In the euro area, the composite PMI figure (47.8 in November versus 47.3 in October) was better than expected, albeit consistent with a slight contraction in GDP in Q4. The improvement was concentrated in the manufacturing PMI (which climbed from 46.4 to 47.1 in November), which could reflect the normalisation of supply chains. On the other hand, the services PMI remained unchanged, and also in contractionary territory (48.6 points). The publication of the Ifo Business Climate Index for Germany in November underscores this same message. Despite a slight increase in November (from 84.5 to 86.3 points), the data are consistent with a decline in economic activity. On the other hand, in the US, the data also showed signs of a cooling in activity. In particular, the manufacturing ISM in November was below 50 points for the first time since May 2020, while in the labour market the pace of job creation slowed to 263,000 jobs, a relatively high figure but lower than in October.
As the World Bank recently pointed out, food price inflation has exceeded headline inflation in 90% of the 156 countries with available data. Developing and emerging economies are particularly vulnerable, with around 90% of them experiencing food inflation in excess of 5%. Despite the recent price moderation, the risks remain high. The deterioration in the geopolitical environment, and the war in Ukraine in particular, is the number one concern. However, the global environment of higher inflation and higher interest rates is also a major source of risk, as it exerts upward pressures on food costs due to the higher commodity prices, wages, and capital costs. The World Bank also notes that the percentage of the world’s population in a situation of food insecurity will continue to rise, exacerbating all the adverse effects which such a situation generates in the long term.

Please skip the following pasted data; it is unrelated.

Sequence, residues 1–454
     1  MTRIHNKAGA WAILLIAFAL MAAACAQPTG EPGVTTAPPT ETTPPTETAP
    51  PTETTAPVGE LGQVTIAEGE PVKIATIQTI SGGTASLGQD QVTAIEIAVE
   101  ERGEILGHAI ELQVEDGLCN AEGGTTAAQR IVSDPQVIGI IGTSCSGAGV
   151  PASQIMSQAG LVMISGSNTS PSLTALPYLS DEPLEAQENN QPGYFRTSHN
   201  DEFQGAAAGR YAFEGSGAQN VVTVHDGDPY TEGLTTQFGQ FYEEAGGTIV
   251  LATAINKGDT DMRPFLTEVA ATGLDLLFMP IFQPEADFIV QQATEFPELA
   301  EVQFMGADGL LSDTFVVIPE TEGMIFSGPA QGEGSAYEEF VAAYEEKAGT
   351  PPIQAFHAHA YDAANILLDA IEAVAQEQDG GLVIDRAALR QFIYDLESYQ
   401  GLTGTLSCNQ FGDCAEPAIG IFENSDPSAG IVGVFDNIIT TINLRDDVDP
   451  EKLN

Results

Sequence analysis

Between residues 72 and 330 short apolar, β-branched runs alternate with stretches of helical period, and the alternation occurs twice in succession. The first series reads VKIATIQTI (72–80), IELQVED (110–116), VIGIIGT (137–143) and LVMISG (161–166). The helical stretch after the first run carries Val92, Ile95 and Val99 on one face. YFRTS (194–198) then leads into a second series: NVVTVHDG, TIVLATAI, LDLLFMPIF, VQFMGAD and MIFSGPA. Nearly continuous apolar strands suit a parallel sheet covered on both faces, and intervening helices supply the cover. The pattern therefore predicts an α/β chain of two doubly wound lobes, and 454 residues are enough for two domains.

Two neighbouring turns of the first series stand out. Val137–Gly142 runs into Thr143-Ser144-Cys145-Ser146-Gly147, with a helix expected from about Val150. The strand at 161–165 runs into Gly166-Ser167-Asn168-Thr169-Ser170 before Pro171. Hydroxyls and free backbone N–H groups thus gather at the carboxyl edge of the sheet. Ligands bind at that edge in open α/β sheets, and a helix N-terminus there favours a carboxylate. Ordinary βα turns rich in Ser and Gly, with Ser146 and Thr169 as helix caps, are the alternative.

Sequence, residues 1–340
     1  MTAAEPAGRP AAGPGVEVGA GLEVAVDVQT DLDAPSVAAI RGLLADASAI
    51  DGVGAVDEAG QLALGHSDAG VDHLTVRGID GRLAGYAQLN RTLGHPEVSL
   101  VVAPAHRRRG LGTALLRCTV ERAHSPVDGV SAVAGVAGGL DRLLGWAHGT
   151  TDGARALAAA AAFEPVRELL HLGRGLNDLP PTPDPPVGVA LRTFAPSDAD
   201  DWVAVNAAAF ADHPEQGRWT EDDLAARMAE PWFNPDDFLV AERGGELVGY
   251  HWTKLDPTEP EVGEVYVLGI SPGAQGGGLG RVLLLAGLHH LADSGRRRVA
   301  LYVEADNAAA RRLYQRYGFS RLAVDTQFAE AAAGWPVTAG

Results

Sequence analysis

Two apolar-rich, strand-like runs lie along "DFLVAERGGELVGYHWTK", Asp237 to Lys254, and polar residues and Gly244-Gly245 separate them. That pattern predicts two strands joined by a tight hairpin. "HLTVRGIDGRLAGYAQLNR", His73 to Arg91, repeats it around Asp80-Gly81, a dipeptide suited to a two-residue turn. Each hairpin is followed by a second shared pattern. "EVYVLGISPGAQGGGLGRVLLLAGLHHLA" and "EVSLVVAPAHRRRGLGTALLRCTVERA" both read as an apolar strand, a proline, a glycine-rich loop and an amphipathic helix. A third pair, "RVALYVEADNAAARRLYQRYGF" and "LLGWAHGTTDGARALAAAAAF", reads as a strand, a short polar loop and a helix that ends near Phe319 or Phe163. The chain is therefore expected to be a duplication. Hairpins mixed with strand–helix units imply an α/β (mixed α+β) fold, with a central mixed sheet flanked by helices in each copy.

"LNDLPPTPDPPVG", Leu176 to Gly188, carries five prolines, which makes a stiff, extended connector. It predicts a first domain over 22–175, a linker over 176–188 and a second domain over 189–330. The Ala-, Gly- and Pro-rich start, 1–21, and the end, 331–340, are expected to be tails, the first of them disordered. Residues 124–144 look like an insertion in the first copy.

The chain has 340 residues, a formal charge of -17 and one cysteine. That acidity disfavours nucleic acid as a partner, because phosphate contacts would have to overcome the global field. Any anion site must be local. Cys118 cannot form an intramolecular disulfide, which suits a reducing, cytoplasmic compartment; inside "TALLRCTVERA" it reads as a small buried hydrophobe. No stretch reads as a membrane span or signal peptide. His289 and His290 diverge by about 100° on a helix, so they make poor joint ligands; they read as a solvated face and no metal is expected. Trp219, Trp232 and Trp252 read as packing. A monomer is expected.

Economic activity in China continues to show signs of weakness in Q4. As the country struggles to contain the largest new outbreak of COVID-19 cases since the beginning of the pandemic, and while the authorities are debating the zero-COVID policy, economic activity is showing clear signs of slowdown. China’s official composite PMI suffered its fifth consecutive fall in November, dropping to 47.1 points (versus 49.0 in October). In addition, the latest surge in cases is the one that poses the greatest risks since the first wave due to its geographical extension: over 100 cities have reported cases in recent days (compared to around 50 in April). The low level of vaccine coverage, coupled with the lack of capacity in the health system, make it difficult to imagine a steady reopening of the Chinese economy over the coming months (see the Focus «China’s symptoms: more than COVID» in this same report). Although signs have emerged of a concerted effort to introduce flexibility into the country’s health policy, there is still a long way to go. The low immunity of the population poses a major obstacle for the sustained reopening of the economy, and relatively severe restrictions are most likely to be required to contain the pressure on the health system in the short term. Moreover, the experience of the reopening process in other Asian countries shows that mobility rates take over six months to return to normal.